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Aegina: Contexts for Choral Lyric Poetry – Myth, History, and Identity in the Fifth Century BC - Oxford Scholarship Online
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Aegina: Contexts for Choral Lyric Poetry: Myth, History, and Identity in the Fifth Century BC

David Fearn


Situated in the centre of the Saronic Gulf, the island of Aegina has long been recognized as a powerful force in the cultural, political, economic, and strategic history of fifth-century Greece. The island is well known as the original home of the magnificent Doric architecture and sculpture of the Temple of Aphaia and of many of the patrons of the epinician poets Pindar and Bacchylides; with a thriving maritime economy and an effective navy, Aegina was powerful enough to challenge the security and ambitions of its neighbour Athens, by whom it was reduced to a kleruchy at the start of the Pelo ... More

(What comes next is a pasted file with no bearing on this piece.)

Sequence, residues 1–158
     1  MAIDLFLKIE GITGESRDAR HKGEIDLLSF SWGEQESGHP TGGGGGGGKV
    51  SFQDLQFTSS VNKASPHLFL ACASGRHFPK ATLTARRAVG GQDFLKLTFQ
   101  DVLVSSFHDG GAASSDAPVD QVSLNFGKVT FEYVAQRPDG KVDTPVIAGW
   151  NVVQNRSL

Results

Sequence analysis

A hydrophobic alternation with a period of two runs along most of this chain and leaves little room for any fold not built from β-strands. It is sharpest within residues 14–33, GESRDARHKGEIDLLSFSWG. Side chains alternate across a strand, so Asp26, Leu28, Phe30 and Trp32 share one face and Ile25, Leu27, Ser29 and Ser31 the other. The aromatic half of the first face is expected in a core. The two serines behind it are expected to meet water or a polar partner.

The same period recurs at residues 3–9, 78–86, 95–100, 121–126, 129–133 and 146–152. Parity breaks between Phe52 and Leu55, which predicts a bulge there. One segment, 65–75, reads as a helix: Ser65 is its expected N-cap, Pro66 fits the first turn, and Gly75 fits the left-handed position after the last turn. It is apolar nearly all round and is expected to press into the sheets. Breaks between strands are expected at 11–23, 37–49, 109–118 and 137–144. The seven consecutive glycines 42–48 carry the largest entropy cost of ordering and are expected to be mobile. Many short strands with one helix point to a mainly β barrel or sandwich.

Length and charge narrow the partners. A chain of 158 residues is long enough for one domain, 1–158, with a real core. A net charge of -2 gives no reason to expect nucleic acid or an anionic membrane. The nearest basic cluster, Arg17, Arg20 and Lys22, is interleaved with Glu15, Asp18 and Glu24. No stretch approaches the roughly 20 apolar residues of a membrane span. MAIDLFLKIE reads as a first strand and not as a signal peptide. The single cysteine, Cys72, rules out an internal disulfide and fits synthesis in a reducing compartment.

Keywords: Aegina, choral lyric poetry, Pindar, sculpture, myth, economics, aristocratic culture, aristocratic politics, historiography, religion

Bibliographic Information

Print publication date: 2010 Print ISBN-13: 9780199546510
Published to Oxford Scholarship Online: January 2011 DOI:10.1093/acprof:oso/9780199546510.001.0001


Affiliations are at time of print publication.

David Fearn, editor
Assistant Professor in Greek Literature, University of Warwick
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